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Understanding CVV

The CVV on cards can go by a variety of names depending on which card brand issued the card, the different names are:

  • Visa: Card Verification Value (CVV)
  • American Express: Card Identification Code (CIC)
  • Mastercard: Card Verification Code (CVC)
  • Discover: Card Verification Data (CVD)

No matter what the company calls it, the CVV has one purpose, to verify that the cardholder has the physical card in their possession. Entering the wrong code will almost always result in the transaction being declined.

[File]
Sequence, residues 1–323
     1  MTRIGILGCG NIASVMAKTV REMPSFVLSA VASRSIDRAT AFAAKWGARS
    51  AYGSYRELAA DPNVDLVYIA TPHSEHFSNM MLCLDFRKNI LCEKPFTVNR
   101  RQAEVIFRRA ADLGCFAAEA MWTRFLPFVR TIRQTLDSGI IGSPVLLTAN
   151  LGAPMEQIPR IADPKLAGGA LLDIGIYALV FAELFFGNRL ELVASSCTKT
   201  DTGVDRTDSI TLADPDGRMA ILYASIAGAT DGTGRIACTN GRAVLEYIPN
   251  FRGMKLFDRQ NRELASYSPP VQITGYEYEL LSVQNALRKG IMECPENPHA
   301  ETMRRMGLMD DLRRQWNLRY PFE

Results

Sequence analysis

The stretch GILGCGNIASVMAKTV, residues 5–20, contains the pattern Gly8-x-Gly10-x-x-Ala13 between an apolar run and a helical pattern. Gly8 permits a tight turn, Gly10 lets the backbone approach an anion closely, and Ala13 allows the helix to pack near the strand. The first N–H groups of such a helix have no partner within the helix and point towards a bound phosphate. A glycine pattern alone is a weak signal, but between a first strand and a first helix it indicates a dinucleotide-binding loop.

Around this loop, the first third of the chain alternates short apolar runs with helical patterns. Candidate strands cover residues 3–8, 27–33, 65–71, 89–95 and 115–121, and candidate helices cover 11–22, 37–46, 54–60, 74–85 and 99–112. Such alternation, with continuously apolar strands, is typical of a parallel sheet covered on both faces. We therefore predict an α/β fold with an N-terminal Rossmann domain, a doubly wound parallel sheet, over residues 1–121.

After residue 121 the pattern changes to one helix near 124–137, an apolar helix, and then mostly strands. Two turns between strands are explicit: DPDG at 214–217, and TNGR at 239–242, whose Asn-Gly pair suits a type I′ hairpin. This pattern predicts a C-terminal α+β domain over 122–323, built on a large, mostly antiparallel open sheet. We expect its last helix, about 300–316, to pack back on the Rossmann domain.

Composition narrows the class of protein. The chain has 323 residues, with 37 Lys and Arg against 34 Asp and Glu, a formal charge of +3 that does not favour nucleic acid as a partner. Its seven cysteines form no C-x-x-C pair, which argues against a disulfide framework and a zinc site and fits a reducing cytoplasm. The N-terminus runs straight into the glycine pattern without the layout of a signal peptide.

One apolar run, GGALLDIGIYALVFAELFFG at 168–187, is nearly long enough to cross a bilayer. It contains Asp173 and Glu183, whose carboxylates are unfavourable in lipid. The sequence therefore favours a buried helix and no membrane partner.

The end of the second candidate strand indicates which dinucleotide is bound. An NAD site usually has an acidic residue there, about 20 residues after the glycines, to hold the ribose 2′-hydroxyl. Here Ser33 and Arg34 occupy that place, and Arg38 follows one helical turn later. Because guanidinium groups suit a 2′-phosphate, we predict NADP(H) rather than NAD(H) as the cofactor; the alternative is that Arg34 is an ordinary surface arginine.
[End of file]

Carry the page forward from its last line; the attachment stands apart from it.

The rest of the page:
The CVV is not part of the data stored on the cards magnetic strip, or on the EMV chip, and as a business owner, you are strictly prohibited from storing the CVV information in your database or card vault. If a database was hacked and credit card numbers were stolen, the hackers would not have access to the security code, rendering the stolen information significantly less useful. The best practice for ecommerce websites is that they now require the CVV at checkout.

Related Articles

Card-Present vs. Card-Not-Present
Transaction Types
Types of Credit Card Declines
An Overview of AVS

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